Fundamentals of Powder Diffraction and Structural Characterization of Materials
"Fundamentals of Powder Diffraction and Structural Characterization of Materials" provides an in-depth introduction to the theories and applications of the powder diffraction method for structure determination. The emphasis is placed on powder diffraction data collected using conventional x-ray sources, which remain primary tools for thousands of researchers and students in their daily experimental work. The book is divided into two parts: chapters one though three give essential theoretical background, while chapters four through seven guide the reader through practical aspects of extracting structural information from powder data. The book is supplemented by a compact disk containing experimental data collected from a variety of materials that are used as examples and in the problems offered at the end of every chapter. In addition, color electronic versions of some 300 illustrations found throughout the book will be included.
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- Mixed media product | 736 pages
- 154.9 x 233.7 x 38.1mm | 1,020.59g
- 13 Apr 2005
- Springer-Verlag New York Inc.
- New York, NY, United States
- 2003. 2nd Printing ed.
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Table of contents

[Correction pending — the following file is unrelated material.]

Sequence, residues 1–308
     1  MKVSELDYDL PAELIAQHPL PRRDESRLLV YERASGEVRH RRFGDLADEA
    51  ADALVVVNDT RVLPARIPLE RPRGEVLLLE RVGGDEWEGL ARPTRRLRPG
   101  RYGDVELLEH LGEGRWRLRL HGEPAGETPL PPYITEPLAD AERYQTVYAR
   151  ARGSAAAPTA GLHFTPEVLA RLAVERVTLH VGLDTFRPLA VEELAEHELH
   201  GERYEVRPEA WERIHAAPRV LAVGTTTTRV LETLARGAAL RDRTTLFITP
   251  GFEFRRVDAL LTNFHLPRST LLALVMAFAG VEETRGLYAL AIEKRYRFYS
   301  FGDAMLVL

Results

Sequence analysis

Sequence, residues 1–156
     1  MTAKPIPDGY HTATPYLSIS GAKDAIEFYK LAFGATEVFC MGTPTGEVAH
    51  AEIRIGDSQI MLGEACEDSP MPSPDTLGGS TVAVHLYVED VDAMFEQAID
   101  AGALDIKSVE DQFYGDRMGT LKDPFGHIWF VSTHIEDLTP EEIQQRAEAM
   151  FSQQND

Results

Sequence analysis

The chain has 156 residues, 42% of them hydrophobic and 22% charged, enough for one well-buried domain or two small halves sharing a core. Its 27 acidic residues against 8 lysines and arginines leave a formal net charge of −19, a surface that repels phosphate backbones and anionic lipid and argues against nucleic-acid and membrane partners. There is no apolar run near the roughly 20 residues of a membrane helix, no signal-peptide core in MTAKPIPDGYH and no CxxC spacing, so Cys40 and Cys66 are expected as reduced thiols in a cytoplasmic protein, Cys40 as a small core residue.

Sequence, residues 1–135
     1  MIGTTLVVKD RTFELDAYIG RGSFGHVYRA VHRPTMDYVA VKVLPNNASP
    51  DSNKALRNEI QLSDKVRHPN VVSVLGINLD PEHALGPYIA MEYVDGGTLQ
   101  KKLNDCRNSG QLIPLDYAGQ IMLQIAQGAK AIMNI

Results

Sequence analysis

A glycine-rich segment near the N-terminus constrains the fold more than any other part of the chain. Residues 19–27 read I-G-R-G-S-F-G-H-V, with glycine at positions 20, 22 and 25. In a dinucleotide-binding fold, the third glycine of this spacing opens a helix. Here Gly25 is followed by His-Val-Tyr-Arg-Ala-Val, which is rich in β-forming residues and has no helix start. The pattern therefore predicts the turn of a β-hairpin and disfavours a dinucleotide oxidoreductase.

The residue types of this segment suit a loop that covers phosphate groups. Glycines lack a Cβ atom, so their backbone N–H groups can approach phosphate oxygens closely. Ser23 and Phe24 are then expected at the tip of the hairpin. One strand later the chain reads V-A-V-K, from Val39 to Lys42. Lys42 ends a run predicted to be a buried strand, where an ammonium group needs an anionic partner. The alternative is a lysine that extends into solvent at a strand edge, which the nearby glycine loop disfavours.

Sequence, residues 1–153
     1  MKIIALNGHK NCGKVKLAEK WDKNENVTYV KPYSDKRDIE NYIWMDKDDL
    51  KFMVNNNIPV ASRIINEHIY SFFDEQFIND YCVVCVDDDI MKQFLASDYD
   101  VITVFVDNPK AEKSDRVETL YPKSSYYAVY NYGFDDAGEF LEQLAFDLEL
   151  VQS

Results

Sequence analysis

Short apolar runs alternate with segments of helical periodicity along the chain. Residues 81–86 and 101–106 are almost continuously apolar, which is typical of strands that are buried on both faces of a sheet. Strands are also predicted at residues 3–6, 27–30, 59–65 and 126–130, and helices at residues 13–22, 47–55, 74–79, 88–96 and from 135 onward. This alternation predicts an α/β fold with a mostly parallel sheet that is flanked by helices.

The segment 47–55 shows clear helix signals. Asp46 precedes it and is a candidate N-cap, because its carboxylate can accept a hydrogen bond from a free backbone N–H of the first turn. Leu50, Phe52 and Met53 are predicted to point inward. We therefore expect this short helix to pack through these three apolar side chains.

Fundamentals of Crystalline State.- Fundamentals of Diffraction.- Experimental Techniques.- Preliminary Data Processing and Phase Analysis.- Unit Cell Determination and Refinement.- Crystal Structure Determination. Crystal Structure Refinement.- Index.
The book is well written and organized. The authorsa (TM) enthusiasm and dedication to the subject matter are clearly evident. I find the book to be not only an excellent introduction to structural characterization, but also a valuable introduction to the world of the working crystallographer. The text is rich in references to internet resources, software, literature, organizations, databases, and institutions that x-ray researchers employ routinely. As a class text the book could be used in an introductory course for third or fourth year undergraduates in materials science, chemistry, physics, or geochemistry. The detailed structural treatments may be too much for the typical introductory x-ray diffraction course, but students would be adding a valuable text for future reference to their libraries. The sections are also ideal for more advanced coursework at the graduate level. Beyond the classroom, any researcher desiring structural information on materials would benefit from this book. Materials Today, July/August 2004